American Assassin (2017)

How many times has a film had it’s protagonist suffer a life-altering event, for them to use that in their vengeance or as motivation. It’s seems to be a trademark for films involving spies, as the harrowed past is zeroed in on during their training montage.

And American Assassin does fall victim to this trope that has almost become a staple of these films. However due to the film being adapted from the original novels by Vince Flynn, I have no idea how faithful the film is to the books.

But American Assassin does feel incredibly poignant for the day and age we’re living in within the opening moments as Mitch Rapp (Dylan O’Brien) is caught in an ambush by terrorists as they murder holiday goers. Amidst the chaos and merciless killings, Mitch’s fiancé is murdered with Mitch unable to save her.

Film, meet the harrowed past.

Rapp (as he goes by Rapp now) uses this as his motivation and begins training in vision to take down the terrorists that are responsible for the countless deaths. The film garnered an 18 rating by the BBFC, which I thought was odd considering IT was given a 15 rating. But the opening 10 minutes, it becomes clear with the merciless killing and the strong themes of terrorism and vengeance throughout.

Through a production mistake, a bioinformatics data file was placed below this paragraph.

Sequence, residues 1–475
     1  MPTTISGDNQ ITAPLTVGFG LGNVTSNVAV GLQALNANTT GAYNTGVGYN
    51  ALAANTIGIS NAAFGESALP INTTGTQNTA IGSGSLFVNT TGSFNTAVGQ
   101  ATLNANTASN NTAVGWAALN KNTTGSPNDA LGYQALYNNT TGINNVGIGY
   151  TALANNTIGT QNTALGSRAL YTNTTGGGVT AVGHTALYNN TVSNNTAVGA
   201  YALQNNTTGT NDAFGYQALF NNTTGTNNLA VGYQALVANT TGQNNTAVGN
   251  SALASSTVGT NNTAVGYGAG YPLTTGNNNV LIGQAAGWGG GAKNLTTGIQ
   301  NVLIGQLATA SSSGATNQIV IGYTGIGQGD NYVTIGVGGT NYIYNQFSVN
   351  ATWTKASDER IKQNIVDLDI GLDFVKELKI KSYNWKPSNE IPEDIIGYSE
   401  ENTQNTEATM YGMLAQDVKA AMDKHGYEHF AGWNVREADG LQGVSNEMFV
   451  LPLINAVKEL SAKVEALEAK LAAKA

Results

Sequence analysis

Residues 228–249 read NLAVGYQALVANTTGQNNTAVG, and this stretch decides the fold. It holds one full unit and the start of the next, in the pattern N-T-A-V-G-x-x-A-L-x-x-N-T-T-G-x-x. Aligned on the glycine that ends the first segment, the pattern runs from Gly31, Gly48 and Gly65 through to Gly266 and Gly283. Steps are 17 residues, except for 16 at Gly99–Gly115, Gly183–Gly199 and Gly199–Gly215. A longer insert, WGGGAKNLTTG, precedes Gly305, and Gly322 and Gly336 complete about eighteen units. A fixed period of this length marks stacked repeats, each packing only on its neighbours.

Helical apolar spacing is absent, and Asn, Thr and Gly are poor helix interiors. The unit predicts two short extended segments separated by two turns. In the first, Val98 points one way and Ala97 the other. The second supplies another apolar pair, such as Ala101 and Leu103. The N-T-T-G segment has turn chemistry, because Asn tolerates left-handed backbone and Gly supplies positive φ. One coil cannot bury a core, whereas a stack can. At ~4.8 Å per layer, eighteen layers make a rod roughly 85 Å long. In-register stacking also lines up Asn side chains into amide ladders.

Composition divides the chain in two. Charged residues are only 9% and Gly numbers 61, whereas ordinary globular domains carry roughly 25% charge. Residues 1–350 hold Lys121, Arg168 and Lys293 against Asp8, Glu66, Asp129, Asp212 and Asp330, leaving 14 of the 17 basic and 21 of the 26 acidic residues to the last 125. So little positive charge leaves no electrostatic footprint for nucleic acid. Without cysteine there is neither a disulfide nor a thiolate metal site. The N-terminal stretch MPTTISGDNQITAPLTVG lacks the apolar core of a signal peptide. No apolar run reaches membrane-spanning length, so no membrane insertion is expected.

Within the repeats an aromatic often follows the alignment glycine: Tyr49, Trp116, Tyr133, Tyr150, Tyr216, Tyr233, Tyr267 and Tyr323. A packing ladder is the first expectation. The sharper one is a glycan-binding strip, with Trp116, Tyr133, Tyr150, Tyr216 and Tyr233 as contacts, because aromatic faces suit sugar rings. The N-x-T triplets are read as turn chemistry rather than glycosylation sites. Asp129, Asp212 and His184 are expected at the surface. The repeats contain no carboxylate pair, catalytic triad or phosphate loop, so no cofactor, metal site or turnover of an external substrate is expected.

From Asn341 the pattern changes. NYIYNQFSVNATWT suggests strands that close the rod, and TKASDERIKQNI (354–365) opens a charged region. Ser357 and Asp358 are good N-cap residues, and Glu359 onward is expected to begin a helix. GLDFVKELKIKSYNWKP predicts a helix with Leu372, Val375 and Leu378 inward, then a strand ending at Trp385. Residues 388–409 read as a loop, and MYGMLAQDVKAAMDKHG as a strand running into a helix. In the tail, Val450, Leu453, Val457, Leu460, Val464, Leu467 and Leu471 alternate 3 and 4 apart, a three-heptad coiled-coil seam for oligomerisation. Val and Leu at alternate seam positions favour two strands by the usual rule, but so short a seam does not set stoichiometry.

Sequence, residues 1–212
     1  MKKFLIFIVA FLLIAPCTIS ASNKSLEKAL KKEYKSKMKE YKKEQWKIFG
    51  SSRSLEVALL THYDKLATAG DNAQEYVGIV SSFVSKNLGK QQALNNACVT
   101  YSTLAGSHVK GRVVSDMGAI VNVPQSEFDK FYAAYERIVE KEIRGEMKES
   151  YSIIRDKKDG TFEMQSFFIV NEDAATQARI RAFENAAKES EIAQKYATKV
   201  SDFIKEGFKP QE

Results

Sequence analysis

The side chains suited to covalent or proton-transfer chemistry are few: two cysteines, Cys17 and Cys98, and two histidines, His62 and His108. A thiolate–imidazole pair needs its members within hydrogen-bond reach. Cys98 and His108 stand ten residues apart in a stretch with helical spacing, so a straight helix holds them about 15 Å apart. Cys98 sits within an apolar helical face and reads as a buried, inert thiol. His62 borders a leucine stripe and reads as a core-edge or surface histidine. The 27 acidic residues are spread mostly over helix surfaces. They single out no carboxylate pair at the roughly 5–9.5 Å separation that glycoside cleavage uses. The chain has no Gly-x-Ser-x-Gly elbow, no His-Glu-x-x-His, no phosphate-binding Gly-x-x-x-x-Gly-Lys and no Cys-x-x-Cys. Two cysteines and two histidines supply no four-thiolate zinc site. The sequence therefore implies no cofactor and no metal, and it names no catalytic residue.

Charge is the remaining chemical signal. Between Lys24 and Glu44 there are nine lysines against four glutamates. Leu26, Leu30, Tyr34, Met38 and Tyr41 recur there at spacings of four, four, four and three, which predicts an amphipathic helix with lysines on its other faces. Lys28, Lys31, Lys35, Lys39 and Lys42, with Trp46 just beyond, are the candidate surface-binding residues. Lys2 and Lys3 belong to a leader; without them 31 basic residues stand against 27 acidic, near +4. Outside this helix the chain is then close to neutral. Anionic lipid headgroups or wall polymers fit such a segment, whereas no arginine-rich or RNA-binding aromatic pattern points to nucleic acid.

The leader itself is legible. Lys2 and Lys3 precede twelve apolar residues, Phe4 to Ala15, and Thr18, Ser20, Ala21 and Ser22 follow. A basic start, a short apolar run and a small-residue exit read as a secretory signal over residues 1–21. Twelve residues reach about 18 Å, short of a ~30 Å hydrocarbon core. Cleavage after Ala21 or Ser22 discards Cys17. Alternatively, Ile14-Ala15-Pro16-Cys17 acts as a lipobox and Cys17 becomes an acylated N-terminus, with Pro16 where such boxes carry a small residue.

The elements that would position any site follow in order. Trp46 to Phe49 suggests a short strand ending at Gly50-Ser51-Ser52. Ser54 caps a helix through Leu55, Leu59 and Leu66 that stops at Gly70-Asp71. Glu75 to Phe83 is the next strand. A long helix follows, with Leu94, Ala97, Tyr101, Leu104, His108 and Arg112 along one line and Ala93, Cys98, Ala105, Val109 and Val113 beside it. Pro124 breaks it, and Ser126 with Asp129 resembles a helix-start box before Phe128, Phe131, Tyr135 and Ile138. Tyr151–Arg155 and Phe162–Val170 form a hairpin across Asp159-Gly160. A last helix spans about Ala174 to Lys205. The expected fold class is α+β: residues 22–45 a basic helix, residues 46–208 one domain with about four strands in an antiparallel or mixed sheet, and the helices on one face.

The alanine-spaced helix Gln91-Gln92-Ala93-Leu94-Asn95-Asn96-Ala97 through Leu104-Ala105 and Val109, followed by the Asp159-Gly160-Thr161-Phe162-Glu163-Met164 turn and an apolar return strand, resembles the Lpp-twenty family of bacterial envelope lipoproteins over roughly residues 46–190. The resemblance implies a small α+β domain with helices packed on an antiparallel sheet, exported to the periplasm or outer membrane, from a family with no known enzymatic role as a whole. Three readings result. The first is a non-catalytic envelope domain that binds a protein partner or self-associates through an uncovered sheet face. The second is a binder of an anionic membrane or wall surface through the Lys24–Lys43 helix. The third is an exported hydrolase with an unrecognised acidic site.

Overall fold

My main issue with the film stemmed from the opening ten minutes, as although there is a lot to take in, I couldn’t find a connection with the character of Mitch. Part of this, I believe, comes down to the believability of what is actually on-screen. But also because of the montage, as he manages to successfully infiltrate a terrorist cell, but this is whilst taking up MMA and going rogue at firing ranges.